January 8, 2015
By Osama Abu Zeid and Brent Eng
AMMAN: The storm raging across Syria this week is exacerbating the plight of residents in opposition-controlled areas who have gone months–sometimes years– without access to water, electricity and a steady food supply.
Temperatures falling below zero degrees Celsius and heavy winds are sending Syrians encircled by regime forces to warm themselves in what was already a fuel-scarce environment.
In Al-Waer, the last rebel-controlled area of Homs city, an estimated 90,000 residents and fighters have been encircled by the regime for more than a year and half as various truce efforts fail to bring relief for civilians.
“Civilians depend on firewood for heating, which they purchase for SP90 [$0.40] per kilo,” a pro-opposition photographer in Al-Waer, who goes by the pseudonym Judi al-Homsi, told Syria Direct on Thursday. People have no choice, she says, because “they cannot cut firewood from the nearby forest due to regime barriers and snipers.”
Photo courtesy of Judi al-Homsi.
This week’s snowstorm drove one desperate Al-Waer resident to chop up his own house for firewood, as shown in a picture taken by al-Homsi Wednesday and given to Syria Direct Thursday.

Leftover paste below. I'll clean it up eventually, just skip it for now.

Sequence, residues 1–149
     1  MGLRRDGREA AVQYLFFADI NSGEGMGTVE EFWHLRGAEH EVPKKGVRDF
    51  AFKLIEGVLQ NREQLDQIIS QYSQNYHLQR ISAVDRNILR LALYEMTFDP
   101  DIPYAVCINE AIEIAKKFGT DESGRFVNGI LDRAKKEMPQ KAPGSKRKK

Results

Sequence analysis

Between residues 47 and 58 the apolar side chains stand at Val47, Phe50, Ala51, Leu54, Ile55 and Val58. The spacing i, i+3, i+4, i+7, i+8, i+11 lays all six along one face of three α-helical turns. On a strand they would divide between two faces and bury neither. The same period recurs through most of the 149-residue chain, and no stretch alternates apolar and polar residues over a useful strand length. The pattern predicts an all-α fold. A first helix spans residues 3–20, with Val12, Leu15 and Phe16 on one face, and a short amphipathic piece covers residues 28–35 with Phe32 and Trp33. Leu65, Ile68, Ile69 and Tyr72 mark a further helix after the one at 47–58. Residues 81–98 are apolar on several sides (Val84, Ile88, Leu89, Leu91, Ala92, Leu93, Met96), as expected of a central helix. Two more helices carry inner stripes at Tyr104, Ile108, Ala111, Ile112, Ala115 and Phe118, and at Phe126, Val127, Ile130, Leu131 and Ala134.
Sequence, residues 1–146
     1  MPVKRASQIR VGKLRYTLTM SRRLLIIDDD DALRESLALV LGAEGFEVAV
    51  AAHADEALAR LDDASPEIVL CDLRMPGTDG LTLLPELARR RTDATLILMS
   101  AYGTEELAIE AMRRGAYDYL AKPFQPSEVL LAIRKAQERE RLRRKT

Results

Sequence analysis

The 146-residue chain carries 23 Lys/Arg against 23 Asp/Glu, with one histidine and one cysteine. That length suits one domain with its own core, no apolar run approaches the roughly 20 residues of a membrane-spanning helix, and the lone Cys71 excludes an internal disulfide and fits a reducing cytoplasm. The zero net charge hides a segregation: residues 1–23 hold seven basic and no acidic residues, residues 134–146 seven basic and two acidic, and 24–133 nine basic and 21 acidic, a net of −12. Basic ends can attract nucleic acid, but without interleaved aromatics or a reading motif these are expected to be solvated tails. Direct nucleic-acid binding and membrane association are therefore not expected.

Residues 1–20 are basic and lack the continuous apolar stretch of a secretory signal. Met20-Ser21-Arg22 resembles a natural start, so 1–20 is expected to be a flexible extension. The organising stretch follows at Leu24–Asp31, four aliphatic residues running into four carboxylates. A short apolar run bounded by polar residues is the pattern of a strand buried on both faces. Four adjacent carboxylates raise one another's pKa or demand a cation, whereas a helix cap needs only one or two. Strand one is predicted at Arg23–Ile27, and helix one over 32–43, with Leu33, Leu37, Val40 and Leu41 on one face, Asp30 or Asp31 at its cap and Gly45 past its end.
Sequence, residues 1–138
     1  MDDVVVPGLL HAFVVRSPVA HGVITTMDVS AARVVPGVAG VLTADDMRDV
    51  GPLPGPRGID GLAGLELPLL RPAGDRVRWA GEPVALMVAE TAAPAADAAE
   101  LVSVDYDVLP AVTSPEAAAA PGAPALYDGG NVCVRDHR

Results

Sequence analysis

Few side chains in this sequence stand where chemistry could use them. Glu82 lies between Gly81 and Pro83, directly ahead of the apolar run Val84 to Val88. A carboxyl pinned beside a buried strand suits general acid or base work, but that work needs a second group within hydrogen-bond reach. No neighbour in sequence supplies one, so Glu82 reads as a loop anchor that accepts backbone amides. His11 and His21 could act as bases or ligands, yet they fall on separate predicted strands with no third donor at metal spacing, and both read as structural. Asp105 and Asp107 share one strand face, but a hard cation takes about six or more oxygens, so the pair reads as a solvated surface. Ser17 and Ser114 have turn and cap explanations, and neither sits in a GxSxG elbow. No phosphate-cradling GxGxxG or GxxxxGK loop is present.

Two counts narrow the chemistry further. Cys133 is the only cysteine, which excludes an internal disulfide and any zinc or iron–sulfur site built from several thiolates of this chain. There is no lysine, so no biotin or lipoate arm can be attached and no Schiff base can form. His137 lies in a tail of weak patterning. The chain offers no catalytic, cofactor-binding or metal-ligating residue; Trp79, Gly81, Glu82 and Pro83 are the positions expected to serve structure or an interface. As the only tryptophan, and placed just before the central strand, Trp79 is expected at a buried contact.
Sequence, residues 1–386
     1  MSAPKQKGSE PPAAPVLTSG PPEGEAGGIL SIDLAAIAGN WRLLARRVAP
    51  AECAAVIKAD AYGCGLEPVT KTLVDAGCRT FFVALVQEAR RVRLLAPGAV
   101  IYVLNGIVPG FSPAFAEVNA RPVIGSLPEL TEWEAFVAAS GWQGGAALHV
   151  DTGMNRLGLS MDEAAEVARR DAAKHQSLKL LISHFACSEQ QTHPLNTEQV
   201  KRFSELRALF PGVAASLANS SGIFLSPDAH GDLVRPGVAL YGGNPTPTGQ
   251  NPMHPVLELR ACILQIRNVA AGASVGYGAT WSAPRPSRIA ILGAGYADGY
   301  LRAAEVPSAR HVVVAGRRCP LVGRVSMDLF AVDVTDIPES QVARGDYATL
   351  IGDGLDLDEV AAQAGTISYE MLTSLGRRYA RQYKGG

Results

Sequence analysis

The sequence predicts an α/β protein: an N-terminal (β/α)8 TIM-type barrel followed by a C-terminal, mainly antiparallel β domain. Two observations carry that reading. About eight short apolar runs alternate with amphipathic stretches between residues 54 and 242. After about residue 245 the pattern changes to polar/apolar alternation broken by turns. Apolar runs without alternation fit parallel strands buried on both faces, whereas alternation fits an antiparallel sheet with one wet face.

The wood came from the remains of the man’s house, which he says was destroyed by regime bombing earlier in the week.
In Al-Waer, electricity is available for only four hours at a time, and comes randomly, al-Homsi added.
“The price of diesel, if there even is any, is SP700 [$3.87] per liter, even though one of the largest oil factories in Syria is located three kilometers from Al-Waer.”
Meanwhile, the regime and rebels entered talks this week for a new attempt at a ceasefire, the regime-affiliated newspaper Al-Watan reported Wednesday.
Previous attempts in 2014 repeatedly failed or collapsed after the terms were agreed upon, with both sides blaming each other.
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